With funding to properly dredge Warrnambool's silting Lady Bay falling short by almost half, starting the work anyway was the "best shot" at making the harbour safer, the city council was told on Monday.
Faced with the reality of having to scale back the works because the $1 million funding allocation from the state government wouldn't stretch far enough, councillors unanimously voted to start the works anyway in the hope they could secure more funding to finish the project in the meantime.
Cr Ben Blain said the amount of sand the million-dollar budget could remove was 20,000 cubic metres instead of the 35,000 that was needed.
He said the increased costs were a sign of what had been happening over the past 12 months.
"In this period of hyperinflation we've seen, even though we were awarded $1 million in funding, we've had to scale back the works," Cr Blain said.
"If we do nothing, nothing's going to change down there.
"We know that the harbour's being filled up with sand. We really need to do something and this is our best shot.
"It is disappointing we have to work with the budget that we've got."
But Cr Blain said he thought the council would be able to source more funding out of the state government for more works.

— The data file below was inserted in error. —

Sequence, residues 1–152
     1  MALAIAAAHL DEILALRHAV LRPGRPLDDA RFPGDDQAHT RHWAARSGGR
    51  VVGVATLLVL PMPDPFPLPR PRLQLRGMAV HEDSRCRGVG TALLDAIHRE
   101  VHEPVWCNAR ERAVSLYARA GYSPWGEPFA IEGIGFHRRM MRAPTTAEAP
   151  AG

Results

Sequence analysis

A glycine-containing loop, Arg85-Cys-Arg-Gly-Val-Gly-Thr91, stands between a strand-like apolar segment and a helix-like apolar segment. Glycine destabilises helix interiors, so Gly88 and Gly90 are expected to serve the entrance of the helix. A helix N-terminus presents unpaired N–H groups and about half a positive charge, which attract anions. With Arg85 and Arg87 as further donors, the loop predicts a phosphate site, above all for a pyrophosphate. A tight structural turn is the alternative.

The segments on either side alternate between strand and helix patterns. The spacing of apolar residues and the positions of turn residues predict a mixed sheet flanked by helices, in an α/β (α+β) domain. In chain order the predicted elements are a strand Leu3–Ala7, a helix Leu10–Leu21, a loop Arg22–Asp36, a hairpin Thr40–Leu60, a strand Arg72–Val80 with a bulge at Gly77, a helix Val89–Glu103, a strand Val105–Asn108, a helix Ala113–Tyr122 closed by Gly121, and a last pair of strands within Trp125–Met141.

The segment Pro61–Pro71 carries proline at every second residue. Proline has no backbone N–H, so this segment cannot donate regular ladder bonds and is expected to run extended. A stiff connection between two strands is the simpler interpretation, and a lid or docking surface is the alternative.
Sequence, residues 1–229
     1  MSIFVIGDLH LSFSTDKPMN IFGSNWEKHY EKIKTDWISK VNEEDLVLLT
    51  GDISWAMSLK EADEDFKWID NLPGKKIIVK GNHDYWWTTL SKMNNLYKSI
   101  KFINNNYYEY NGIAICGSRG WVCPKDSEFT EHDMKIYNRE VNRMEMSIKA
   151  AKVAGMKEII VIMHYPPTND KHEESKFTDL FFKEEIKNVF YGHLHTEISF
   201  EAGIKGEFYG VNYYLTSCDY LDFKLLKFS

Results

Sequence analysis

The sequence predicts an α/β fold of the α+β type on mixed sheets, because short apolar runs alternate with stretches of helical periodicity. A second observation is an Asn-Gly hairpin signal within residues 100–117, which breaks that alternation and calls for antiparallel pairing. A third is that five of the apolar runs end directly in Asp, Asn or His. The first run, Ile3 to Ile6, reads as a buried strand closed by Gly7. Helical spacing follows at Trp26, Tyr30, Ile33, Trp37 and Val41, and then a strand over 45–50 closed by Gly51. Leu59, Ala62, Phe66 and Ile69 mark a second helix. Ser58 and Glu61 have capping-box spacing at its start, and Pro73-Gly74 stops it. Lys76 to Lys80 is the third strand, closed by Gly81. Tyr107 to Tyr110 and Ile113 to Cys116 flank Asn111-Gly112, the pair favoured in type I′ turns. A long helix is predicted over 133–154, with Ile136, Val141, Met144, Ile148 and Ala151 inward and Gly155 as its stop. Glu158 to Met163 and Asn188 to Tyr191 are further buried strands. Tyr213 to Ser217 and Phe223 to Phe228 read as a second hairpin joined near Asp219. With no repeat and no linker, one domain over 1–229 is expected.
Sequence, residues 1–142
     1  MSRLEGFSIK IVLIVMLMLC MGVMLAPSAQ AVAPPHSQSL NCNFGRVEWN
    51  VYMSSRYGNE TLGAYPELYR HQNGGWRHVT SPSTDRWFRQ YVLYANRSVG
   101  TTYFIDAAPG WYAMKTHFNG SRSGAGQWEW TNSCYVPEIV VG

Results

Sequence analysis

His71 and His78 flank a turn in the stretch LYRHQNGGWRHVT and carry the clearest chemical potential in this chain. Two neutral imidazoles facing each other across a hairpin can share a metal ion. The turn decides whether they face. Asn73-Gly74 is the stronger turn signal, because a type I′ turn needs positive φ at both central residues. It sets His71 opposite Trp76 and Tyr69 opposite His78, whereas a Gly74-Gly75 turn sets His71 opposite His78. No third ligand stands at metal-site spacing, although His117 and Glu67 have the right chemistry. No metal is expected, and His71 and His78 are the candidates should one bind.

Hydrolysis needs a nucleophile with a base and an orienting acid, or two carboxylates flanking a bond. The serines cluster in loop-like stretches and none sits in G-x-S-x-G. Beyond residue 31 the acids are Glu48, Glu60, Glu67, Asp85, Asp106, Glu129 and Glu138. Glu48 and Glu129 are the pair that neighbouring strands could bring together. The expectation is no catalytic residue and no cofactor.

"Maintenance dredging is going to be critical in order to keep this facility safe and useable. It shouldn't be done by time, it needs to be done by the movement of the sand in order to ensure that it's safe all the time," he said.
Cr Blain said there was a "whole heap" of extra work that had to be done and the dispersal of the spoils had changed it methodology.
He said instead of there being a pipe floating out on the harbour putting the spoils out further, it was actually going to be done on the beach now and "rainbowed" out to sea about 150 metres.
Work had been done to make sure it wasn't going to create any rips or safety issues, Cr Blain said.
When it came to the spoils, he said it was important to have the Department of Environment, Land, Water and Planning.
"They are the key in order to be able to continue to dredge and look after this facility," he said.
Cr Max Taylor said the depositing of dredging spoils further north along the beach was not his first choice.
"I'd rather see the sand deposited somewhere else, or mainly between Worm Bay and the Pavilion," he said. "I just hope it all goes well."
Cr Blain said when it came to the harbour, the council was an advocacy body for what was a state asset. "It needs state funding. It is not our asset," he said.
Cr Richard Ziegeler said he wanted to signal that the works were the first stage of what had to be a regular occurrence.
"Sometimes I find it a little bit galling that we have to find and fight for the funding for these kinds of projects that are essential for this particular township and essential for the wellbeing of our magnificent harbour," he said.
"At least we've got a start to it."
The tender was awarded to Hall Contracting.
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